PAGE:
Today was an awesome day! I went alone to Florence on the train this morning at 11 AM and I went to the same train station that I went to when I came to Florence two years ago. I recognized the station and walked out along the street in the direction of the Duomo. It was an absolutely beautiful day, chilly but bright with sunshine, and I walked along in the pretty atmosphere.
I had planned on just going to the Uffizi Gallery and then leaving, but the museum took much less time than I had thought it would. I was in awe of all of the works of art, that I had seen in books and posters and talked about in tons of classes, right there in front of me, just behind the glass. I could walk up and basically put my face onto the paintings by Carevaggio, Michaelangelo, and Giotto, some of the greatest painters that the world has ever known. I saw the Venus of Urbino and the Holy Family (by Michaelangelo).
It was incredible to be so close to the great works of art, and there were also original statues from Roman times, of Julius Cesar and Augustus and Cicero. It was crazy to have them staring back at me!! I liked walking around by myself and moving however I wanted to, and not having to wait for anyone or anything.
After the Uffizi, I went for a walk in the sunshine on Ponte Vecchio. It was way more beautiful than I thought it would have been. The Arno river is a really cool color of greenish-white-blue, which I think is from is absorbing minerals in the mountains. I walked along the river to Santa Croce, which is the church where Michaelangelo, Galileo, and Machiavelli are buried! What a day of being close to history’s giants!
After the church, I walked back to the main square and from there to one of the markets in the city that I had passed earlier. I bought myself a pretty necklace and then I found the most perfect Venetian Carnevale mask ever. It is beautiful and blue and sparkly, with jingle bells.
After that, I still had an hour and a half until the train left for Ferrara, so I just went on a walk though the city and wandered into and out of the many very very fashionable stores all around the city center. I went and got a caffe and a bottle of San Pellegrino at a café right next to the Duomo. Then I went back to the station and got onto my train to Ferrara, and was back in time for dinner.
An interesting phenomenon began today. As I was walking around in Firenze, four separate times someone walked up to me and asked me for directions in Italian! I think I must have looked like I knew where I was going, and I must have dressed appropriately for the city because people mistook me for a citizen. I’m not sure what that means in practice, since I tend to think that I look very not-Italian. Either way, it was really exciting to have Italians asking me for help!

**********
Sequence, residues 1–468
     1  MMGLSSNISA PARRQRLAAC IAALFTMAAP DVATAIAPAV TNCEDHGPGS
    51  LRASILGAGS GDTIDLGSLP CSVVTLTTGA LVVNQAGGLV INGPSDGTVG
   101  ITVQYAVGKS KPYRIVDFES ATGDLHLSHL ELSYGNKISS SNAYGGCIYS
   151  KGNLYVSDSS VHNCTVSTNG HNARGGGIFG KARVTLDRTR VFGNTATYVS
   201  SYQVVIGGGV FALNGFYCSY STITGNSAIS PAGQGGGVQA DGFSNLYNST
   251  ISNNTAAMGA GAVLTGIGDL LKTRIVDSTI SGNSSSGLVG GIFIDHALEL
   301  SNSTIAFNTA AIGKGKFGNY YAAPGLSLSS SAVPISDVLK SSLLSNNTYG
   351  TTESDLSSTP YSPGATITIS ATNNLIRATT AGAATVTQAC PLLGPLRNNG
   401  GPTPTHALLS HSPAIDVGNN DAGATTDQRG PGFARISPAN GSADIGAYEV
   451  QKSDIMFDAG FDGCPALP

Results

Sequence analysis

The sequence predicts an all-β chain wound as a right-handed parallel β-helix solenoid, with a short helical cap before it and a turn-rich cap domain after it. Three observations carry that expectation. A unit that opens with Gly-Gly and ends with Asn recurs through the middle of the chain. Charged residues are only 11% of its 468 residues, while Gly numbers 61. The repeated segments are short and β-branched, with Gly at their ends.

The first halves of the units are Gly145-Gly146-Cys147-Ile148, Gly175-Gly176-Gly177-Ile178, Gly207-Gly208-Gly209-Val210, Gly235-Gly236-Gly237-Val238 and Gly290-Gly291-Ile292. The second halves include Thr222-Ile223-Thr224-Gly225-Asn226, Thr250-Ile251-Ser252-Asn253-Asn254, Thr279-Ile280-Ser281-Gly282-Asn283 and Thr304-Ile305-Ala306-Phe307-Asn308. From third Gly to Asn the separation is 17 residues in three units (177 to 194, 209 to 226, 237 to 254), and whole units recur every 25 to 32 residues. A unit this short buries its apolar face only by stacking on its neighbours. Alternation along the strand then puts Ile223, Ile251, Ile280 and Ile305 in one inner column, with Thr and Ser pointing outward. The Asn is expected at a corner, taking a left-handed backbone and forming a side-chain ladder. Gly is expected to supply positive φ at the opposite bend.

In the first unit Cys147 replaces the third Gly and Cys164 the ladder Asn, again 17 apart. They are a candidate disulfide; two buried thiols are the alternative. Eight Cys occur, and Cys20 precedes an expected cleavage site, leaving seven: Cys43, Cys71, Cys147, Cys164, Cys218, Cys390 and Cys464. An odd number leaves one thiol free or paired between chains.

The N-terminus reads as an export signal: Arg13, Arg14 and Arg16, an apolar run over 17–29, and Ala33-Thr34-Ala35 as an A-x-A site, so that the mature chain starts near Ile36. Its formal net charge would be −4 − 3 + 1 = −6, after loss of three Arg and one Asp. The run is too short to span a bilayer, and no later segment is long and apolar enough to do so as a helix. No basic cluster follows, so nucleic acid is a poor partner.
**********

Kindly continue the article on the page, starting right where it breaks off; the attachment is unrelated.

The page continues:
Another interesting thing that I noticed today was that I was not singled out as an American by the multitudes of foreign tourists in the city. It was actually kind of off-putting to hear English spoken in such thick American accents…I purposely said very little so that I wouldn’t be identified as one of them. It was very weird to feel like I was a foreigner to people of my our nationality, and made me feel slightly like I am floating around through space without a country or a home. Then again as soon as I got back to Ferrara I felt at home.
Over the last week I’ve seen some really interesting things about Italian culture. This country lives in a constant and open state of contradiction and juxtaposition, and I appreciate and hate it in the exact same moment.
-On Friday, I saw one of the most pregnant women I have ever seen in my life load her one year old son into a bike seat and take off across the cobblestones on her bici. I am terrified of riding on main streets here sometimes (though I am slowly losing my fear of cars and getting more confident on my bike, which by the way literally has no brakes anymore because they broke off in my hand yesterday morning. I use my right foot to stop. Have you ever seen a “hot foot” in a cartoon where someone is dragging their feet along the ground? Yeah, that actually happens.)
-About two hours after Fearless Pregnant Woman, I saw a grown man walking arm in arm with his girlfriend and wearing UGG BOOTS tucked with his jeans tucked into them. They were exactly like the ones girls wear in the States, and they matched his fur-lined jacket. This is why Gay-Dar (Gay Radar) does not work in Italy.
-On the sides of the highways there are pit stops with trashcans. These are empty, and the trash is all around them, not in them. Italy isn’t exactly a “green” country yet.
-There are a million stores in Ferrara that would never make it in the States. For example, a specialty lightbulb store.
-Italy drinks more bottled water per capita than any nation in the world, and yet they do not recycle plastic. Bottles are everywhere!!
I like that Italy is a constant, open contradiction. Thank you for all the letters everyone!! I an happy to have you all!